of the University Alliance institutions, the group of institutions with fewer than the median
number of Category A Staff, and the UK as a whole. A similar percentage of the research
papers published by each of these groups receive equivalent numbers of citations. Where
there are differences in the profiles these can be explained by low volumes of papers being
mapped to the relevant UoA, or because of the strategies by which institutions select papers
for RAE submissions.

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A University Alliance report - Funding research excellence

Because the quality profile of each of the groups of institutions analysed is similar, there is no
evidence that removing funding from any particular group would increase overall
performance.
Finally we assessed the capacity for training of doctoral students (Section 5). In order to do this we
investigated the proportion of UK PhD students that are trained in University Alliance institutions.
The data shows that:

University Alliance institutions contribute a substantial proportion of the UK’s doctoral
training capacity in the professional subjects – in some areas over a quarter of the UK’s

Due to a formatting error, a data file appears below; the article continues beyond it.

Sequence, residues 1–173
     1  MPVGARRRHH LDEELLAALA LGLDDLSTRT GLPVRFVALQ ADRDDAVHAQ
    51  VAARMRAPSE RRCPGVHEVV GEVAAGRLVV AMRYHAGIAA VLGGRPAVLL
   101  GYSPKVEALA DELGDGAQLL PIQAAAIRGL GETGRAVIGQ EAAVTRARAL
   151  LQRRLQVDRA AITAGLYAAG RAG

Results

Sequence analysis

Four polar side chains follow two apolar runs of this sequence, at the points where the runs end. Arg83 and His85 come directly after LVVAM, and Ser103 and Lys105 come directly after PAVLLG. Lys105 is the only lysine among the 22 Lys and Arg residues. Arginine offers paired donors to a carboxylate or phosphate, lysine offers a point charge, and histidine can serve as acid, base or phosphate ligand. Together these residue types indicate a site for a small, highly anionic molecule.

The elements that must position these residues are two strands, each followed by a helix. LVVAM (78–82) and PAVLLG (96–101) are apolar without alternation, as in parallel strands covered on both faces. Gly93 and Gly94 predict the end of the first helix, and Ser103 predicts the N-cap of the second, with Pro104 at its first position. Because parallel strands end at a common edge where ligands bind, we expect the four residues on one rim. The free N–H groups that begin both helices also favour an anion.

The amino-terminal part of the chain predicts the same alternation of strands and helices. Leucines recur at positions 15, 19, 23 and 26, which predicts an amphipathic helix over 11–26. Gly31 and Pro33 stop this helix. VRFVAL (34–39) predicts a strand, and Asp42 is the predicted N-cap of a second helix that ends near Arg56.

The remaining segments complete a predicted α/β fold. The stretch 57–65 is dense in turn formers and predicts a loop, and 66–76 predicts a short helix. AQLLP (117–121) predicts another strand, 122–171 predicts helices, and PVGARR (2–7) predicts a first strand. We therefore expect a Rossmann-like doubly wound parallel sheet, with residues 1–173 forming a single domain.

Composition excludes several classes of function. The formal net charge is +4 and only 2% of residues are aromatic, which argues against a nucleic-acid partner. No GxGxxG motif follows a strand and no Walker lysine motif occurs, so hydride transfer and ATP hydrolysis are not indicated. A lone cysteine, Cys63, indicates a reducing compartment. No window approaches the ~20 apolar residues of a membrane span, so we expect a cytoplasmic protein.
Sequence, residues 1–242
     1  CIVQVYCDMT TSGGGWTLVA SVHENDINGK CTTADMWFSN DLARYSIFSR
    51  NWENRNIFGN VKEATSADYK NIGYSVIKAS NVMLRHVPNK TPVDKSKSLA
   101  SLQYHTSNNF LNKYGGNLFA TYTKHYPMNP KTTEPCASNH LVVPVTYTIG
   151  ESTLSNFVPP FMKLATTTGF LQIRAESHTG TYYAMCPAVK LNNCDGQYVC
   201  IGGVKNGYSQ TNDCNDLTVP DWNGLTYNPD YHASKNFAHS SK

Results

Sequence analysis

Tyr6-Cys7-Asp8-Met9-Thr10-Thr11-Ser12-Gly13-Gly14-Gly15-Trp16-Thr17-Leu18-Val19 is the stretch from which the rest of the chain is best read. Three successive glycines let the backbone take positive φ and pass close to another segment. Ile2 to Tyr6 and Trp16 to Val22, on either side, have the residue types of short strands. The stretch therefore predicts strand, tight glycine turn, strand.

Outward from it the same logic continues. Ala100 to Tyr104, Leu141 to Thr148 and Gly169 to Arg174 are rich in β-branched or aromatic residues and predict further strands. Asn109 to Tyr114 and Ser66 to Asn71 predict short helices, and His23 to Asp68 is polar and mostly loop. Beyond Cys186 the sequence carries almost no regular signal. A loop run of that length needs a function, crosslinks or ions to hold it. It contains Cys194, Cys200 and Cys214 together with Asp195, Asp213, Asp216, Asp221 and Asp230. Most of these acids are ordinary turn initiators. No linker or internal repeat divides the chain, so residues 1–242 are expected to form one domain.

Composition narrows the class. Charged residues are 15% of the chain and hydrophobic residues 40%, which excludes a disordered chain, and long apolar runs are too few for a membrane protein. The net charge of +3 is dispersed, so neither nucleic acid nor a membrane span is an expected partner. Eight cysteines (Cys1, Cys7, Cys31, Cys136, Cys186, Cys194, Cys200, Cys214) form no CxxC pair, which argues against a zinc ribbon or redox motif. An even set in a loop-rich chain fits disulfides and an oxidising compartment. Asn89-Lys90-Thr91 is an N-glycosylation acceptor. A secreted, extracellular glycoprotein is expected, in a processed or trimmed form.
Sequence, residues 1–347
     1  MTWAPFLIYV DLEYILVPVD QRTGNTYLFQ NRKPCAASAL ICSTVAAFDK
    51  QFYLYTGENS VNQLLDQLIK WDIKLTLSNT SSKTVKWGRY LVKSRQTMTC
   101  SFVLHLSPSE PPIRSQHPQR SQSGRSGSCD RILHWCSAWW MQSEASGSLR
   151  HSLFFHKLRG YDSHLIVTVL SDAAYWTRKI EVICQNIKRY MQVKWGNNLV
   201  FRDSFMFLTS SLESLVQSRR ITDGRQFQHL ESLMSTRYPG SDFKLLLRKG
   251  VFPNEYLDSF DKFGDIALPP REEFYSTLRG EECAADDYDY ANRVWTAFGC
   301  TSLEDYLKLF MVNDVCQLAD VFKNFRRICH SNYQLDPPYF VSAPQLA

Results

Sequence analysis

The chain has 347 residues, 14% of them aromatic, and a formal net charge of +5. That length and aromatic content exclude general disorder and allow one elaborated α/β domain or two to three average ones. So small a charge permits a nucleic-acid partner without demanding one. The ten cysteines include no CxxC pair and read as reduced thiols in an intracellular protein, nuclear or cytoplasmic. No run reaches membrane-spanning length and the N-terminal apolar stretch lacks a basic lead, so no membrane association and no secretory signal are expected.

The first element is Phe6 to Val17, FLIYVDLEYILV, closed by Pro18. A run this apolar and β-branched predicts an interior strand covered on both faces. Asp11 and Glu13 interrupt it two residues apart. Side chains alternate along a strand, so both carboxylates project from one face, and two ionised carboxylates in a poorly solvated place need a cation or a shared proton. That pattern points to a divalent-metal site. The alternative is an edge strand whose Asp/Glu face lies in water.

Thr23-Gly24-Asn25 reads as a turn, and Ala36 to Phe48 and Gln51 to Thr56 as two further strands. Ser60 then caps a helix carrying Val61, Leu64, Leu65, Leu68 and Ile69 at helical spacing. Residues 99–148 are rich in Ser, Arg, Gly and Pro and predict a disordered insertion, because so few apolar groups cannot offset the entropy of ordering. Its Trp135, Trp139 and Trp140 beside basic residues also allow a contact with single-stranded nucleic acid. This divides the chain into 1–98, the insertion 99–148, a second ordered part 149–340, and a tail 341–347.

doctoral training capacity.
We conclude, as we have done previously, that there is insufficient evidence that further
concentration of research resources would be the best way to improve UK research performance
(Funding research diversity (2003), Evidence). Furthermore, the future resourcing of research in the
UK Higher Education sector needs to sustain the diverse network of research activity across all levels
and disciplines that contributes to the UK’s competitiveness (The future of research (2010),
Evidence). Concentrating resources on the basis of scale would eliminate the excellent small
research units that form the dynamic core of the UK research base. The policy implication of this is
that the best way to improve the performance of the UK research base is to continue to fund
excellence wherever it occurs.

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A University Alliance report - Funding research excellence